Fidelity provides clear milestones that help you achieve your retirement goals. Easy on paper but hard to turn into reality. People often have other expenses that prevent them from saving for retirement e.g. university fees, weddings, children.
If you currently have less in you pension than you should, it may be time to increase your contributions. Depending on your situation, you may want to look into making extra money or reduce your expenses.
Here are some starting points:
There is no reason to get depressed if you are nowhere near the required sum. Just try your best to catch up while still leaving enough money to enjoy your life.
Limitation of this savings by age recommendation
Fidelity’s retirement savings by age recommendation is a model and as such, should be used carefully. Your salary may increase over time (which is good), but can also decrease. For example, you could take time off work to care for children or due to illness. Or you could discover that you want to work in a lower-paying but more fulfilling job.
Life is not predictable so I recommend saving more than 25% in good periods to be prepared for the bad times.
For some, having to save “only” 25% of their annual income may be an excuse to waste money once they have fulfilled their savings quota. This will mean these people will remain trapped in the rat race and have to work until they are aged 65, when in fact, they could have reached financial independence and retired in their 30s or 40s.
Another limitation of Fidelity’s savings model is that it is based on today’s circumstances. It may seem unlikely but in the future, living costs could increase dramatically so that today’s 25% would not be enough. Equally, living costs could decrease and you may not need all that money you saved for your retirement (a good problem).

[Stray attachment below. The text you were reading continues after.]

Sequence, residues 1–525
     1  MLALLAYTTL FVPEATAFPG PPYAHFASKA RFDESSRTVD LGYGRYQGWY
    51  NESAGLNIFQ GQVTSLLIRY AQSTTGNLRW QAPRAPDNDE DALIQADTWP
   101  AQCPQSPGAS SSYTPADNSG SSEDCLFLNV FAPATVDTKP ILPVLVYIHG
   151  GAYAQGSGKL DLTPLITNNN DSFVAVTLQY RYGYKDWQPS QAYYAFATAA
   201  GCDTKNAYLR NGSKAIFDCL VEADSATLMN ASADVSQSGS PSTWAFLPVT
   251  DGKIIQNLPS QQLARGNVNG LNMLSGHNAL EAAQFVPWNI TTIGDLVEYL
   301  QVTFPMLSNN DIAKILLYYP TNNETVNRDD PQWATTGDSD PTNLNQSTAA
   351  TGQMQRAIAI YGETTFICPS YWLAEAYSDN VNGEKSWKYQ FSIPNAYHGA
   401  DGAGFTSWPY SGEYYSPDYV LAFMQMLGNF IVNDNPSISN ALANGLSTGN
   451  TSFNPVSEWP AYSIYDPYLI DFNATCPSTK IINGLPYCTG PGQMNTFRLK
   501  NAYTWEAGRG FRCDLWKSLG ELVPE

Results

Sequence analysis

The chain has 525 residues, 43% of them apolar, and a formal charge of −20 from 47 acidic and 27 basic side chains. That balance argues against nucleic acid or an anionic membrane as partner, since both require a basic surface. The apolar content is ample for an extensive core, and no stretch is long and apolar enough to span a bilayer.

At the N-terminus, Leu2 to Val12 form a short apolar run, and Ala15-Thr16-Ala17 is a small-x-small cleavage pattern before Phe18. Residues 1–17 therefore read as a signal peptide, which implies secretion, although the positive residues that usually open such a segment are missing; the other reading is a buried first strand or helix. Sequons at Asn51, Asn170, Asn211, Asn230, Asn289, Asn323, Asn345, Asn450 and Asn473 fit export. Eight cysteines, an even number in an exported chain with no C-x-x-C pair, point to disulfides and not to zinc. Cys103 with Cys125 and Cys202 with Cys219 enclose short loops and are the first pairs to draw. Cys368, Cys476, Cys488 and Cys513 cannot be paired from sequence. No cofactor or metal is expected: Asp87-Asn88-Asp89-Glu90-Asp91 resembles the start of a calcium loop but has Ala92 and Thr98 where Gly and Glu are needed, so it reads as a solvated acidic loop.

Lastly, Fidelity’s savings model is hugely age dependent. If you want to retire at age 30 rather than 65, this model may not work for you. Instead, you need another way to find out how much savings you need.
The 4% rule to retire early
This method is commonly used by people who are pursuing financial independence and early retirement (FIRE). It acknowledges that age is not always a deciding factor when planning your savings for retirements and gives you the freedom to set your own retirement date. For example, you could be able to retire with 30, rather than 65 as Fidelity suggests.
To calculate the amount of savings you need, take your desired annual post-retirement income and divide it by 0.04 (4%). If you are unsure what your income should be, take a look at your current annual expenses. This is the minimum amount of money you need to save. You may want a little more if you plan to travel a lot or take up a new hobby.
The 4% rule works because if you withdraw 4% from an investment that earns around 5% interest (after inflation), you will, in theory, never run out of money.
How much savings by age should you have? summary
The takeaway message from this post is that you should save as much as you can and start as early as you can, no matter what age you are now. Each day brings you one step closer to retirement and you will be there in an eye blink. So do not waste your time, start saving!
More realistically, you should always have three to six times your monthly expenses in your emergency fund plus additional general savings according to your circumstances.
For your retirement, you should aim to have ten times your salary at age 67. How you get there is less important, but you may want to follow the milestones provided by Fidelity. Alternatively, you can save 25% of your income every year for retirement so you will be ready by 67. Be aware that Fidelity’s model is not free from limitations so I recommend saving a little bit more.
If you are like me and do not have enough in your retirement pot, you may wish to create a regular income stream from side hustles to supplement your pension.